Few expenses are as frustrating, unpredictable, and scary as the cost of health care. If you must take a prescription medication for either a chronic condition or a sudden illness, you know this all too well. It feels like the pharmaceutical companies are holding us hostage! This is leading far too many to skip doses or go without medications altogether.
Before you take such drastic measures, please do some research. There are a variety of sites and services that can save you money on the prescription drugs you need. For February’s Happy Healthy Helpers I’ve compiled the best resources I could find. They can all be accessed easily online by clicking the links provided. But first, just a bit of general advice…
Always Ask About Your Medications
It is important to be a savvy shopper even when it comes to health care. If you have health insurance, you might be inclined to just fill whatever prescriptions your doctor suggests, assuming they will be covered. However, with insurance companies often changing their formularies (the list of medications they cover), you can’t be sure a med is covered until you do some investigating.
Also, it is important to always ask your doctor about the necessity of the medications they are prescribing. This isn’t meant to be argumentative or disrespectful, but rather opens a dialogue around any budget concerns you may have, particularly long-term. Oftentimes physicians aren’t aware of your financial situation or insurance plan restrictions until you bring them up. Be sure to also ask if a generic version of the medication is available, since generics almost always costs less.
Finally, question if an over-the-counter option might work for your needs. For example, common pain relievers can be the best first line of defense for an injury. Your doctor can guide you to the type and dosage that could work best for you. If these medications don’t work after a day or two, you could always request a prescription later.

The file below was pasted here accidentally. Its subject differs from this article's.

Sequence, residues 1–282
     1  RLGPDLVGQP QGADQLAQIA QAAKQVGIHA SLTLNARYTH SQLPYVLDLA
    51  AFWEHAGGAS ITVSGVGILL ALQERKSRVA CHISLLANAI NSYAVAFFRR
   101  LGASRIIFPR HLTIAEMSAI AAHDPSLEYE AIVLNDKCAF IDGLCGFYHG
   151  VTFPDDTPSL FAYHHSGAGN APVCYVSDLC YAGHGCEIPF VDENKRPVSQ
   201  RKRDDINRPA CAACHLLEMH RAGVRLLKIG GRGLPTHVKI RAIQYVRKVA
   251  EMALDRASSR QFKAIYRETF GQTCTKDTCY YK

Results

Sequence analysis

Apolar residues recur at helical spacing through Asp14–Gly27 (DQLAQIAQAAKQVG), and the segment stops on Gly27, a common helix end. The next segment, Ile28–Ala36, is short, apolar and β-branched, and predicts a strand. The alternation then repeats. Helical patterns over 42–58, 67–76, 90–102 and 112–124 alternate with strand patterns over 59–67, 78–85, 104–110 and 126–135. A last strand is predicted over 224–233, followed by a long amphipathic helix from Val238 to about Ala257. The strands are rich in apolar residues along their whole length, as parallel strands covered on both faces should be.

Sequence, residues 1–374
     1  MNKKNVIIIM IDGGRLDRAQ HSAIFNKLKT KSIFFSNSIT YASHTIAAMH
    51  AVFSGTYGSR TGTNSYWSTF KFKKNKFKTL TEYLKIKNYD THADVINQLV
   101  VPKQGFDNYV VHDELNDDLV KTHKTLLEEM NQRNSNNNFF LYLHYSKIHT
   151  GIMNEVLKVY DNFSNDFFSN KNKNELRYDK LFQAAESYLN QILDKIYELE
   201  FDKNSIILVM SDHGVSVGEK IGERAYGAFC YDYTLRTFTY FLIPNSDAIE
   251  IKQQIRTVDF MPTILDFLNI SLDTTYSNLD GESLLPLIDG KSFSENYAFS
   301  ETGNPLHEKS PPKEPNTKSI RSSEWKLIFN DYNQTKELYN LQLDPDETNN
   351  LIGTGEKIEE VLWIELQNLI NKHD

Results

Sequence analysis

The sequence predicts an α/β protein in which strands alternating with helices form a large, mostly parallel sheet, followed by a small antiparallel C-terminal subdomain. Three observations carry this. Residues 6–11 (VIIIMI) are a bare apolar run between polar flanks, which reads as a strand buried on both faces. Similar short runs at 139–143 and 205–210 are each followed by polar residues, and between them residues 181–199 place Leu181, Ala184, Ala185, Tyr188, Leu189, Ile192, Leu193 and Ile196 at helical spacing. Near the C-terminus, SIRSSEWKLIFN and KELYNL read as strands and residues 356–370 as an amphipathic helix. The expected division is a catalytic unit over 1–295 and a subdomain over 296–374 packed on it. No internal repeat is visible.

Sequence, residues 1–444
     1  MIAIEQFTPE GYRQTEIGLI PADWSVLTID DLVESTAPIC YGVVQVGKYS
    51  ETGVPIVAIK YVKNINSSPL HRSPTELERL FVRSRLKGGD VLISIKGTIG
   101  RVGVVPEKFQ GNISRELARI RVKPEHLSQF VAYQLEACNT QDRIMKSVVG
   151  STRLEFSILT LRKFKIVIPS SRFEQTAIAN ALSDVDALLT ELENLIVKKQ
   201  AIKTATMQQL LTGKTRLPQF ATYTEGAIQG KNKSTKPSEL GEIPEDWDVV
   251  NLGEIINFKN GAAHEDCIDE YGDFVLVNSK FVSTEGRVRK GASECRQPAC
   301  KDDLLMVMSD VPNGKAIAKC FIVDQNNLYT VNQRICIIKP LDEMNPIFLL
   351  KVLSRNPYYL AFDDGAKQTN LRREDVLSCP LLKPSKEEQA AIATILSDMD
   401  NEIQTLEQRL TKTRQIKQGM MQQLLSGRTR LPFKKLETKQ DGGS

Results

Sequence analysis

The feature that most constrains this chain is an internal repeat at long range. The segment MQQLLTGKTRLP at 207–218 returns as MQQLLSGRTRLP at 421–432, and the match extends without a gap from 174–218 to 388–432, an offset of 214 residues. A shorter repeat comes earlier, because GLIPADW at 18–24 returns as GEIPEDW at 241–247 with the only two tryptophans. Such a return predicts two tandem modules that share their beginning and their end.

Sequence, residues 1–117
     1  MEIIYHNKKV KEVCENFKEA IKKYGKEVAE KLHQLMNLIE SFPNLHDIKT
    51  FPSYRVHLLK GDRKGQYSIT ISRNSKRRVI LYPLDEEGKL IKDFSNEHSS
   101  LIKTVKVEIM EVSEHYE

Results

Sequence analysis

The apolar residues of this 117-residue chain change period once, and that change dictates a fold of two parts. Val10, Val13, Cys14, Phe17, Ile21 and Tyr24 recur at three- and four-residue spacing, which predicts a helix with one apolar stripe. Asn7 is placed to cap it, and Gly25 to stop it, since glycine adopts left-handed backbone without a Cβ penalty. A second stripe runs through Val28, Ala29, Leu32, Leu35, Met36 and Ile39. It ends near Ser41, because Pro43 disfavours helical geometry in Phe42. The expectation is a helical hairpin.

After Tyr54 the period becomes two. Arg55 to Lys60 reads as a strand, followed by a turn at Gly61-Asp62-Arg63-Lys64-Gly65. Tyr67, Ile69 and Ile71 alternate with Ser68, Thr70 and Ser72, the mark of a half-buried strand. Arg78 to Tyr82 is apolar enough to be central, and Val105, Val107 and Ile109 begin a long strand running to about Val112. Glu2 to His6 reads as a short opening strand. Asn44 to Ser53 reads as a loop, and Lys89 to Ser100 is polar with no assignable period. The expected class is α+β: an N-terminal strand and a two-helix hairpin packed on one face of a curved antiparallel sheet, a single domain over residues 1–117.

Research Medication Costs & Co-pays
After you have been given a prescription, be sure to do your research before attempting to fill it. If you have a preferred pharmacy, call your pharmacist for information on what the medication will cost you, and to ask if any money-saving options are available. Pharmacists are typically aware of rebate or discount programs that could lower your costs.
Oftentimes, larger quantities (90 days vs. 30 days) will be more cost-effective for maintenance medications. If you find this to be true, you might have to request a new prescription from your doctor’s office in order to get the best deal. That is why doing your research before filling a script is so important.
You should also get to know your insurance plan so that you understand the typical co-pays for the medications you use regularly. Surprisingly, in some cases it costs more to use your insurance in filling a prescription medication. For example, Walmart Pharmacy offers many generic medications for $4 for a 30-day supply, whereas most insurance plans have co-pays of $10 or more.
In addition, some insurance plans have high deductibles that most be paid before prescriptions are covered at all. In either case, you are better off not submitting the script using insurance.